How to Make Your Videos Work for You in 2017

Dec 15, 2016

You may have noticed in the December 2016 issue I have an article about how to prepare for your 2017 video marketing strategy by analyzing what worked -- and what didn’t -- over the past year. In that article, I posit three questions to marketers wanting to improve their video strategies to help them better hone in on what exactly they should be doing in the coming year.

But video marketing strategies only go so far if your videos themselves aren’t optimized for maximum reach and impact. For example, you might have a month-long video campaign laid out and ready to go for next year, but without videos that actually attract and keep viewers’ attention, that campaign could easily fall flat.

Because of this, I’ve decided to give you a few guidelines for creating videos in 2017. While some of these best practices might not seem very new, they’re still vital for the success of your content being found and ranked properly in search engines.

Here are a few best practices to follow when working on your videos for 2017.

Pay Attention to the Non-Visual Aspects of Your Video

Because search engine robots can’t actually watch video content, they rely on any textual information you provide related to the video. This has been the case for years now (in the form of video SEO), but it will become increasingly important the more frequently video content is uploaded to the internet. And it will continue to be uploaded; only a couple years ago in 2014, YouTube alone saw 300 hours of content uploaded every minute, but now that number’s up to 400.

Essentially, the more video content online, the more you have to compete with viewers’ attention. Writing solid headlines and descriptions for your videos to tell audiences exactly what they’re going to watch will be key to convincing them to spend time with your content and keep them coming back for more. Expect to see a whole lot more videos with headlines resembling those of blog posts, and with descriptions looking like short versions of blog posts, as well.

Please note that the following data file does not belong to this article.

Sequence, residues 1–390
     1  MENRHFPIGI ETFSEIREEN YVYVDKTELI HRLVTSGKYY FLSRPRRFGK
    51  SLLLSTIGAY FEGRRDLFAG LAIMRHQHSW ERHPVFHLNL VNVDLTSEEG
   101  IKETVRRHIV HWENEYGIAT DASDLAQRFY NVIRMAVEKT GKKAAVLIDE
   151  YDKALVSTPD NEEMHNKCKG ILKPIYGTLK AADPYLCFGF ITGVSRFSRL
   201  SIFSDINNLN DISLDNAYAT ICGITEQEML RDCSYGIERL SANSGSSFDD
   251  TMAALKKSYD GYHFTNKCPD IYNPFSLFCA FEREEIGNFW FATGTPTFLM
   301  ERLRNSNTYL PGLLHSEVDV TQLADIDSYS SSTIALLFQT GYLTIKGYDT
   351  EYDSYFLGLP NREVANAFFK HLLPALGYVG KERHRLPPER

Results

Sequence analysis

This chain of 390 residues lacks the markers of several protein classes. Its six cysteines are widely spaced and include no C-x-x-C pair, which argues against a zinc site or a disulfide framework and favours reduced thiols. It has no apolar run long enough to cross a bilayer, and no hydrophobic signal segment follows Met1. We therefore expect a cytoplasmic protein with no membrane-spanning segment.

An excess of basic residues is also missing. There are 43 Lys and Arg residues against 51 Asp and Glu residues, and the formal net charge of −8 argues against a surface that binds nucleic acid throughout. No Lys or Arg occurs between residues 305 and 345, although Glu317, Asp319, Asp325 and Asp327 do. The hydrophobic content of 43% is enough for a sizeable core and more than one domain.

Make Engagement Rate a Top Priority

Speaking of keeping viewers around, remember to focus on your engagement rate (or watch time) in 2017. YouTube factors in watch time when determining where to rank videos in its algorithm and search function. This means that the length of time someone sits watching your video will help contribute to it showing up more often in search results. In reality, this means a 9-minute video with a 50% watch time (which equals views x average view duration) will have a higher engagement rate of a 3-minute video with a 50% watch time, which is only 1.5 minutes vs. the longer video’s 4.5 minute watch time.

If you’re still uncertain as to why engagement rates matter and how they’ll impact your video strategy in 2017, Matt Gielen wrote a couple of fantastic pieces on Tubefilter about watch time and YouTube’s algorithm; I suggest you read each one here and here, as the concept would be too long to explain in this article alone. The information in those articles is still relevant as of December 2016, but as is always the case with Google, make sure you pay attention to any algorithm changes YouTube might make in the coming year and be ready to adjust accordingly.

Read Up On and Follow the FTC’s Requirements

In August 2016, the Federal Trade Commission (FTC) released new rules about how content creators and brands should disclose any paid, sponsored, or advertising-based videos they might create. While the FTC previously required influencers to state when they’d been paid or sponsored to create content, the new rules from this year are much stricter. For example, creators and brands may no longer state a video is sponsored in the description only; they must now state on-screen via text or spoken word at the beginning that the video is sponsored.

Since the FTC just introduced these requirements earlier this year, you can be sure they’ll be cracking down on content which doesn’t follow suit in 2017. To be safe and avoid any legal troubles, you want to make sure you clearly understand what the FTC expects of any content you might create that includes payment, sponsorship, or even a review of a free product. I suggest you disclose everything within the video itself (i.e. on-screen), as well as at the top of your video description so no viewer is left confused about your disclosure.

If you follow these guidelines for creating video in 2017, your videos are far more likely to be discovered, which means more reach and influence for your brand. And of course, implementing these best practices will also improve your overall video strategy and give it an even greater chance of success in 2017. Here’s to the new year!

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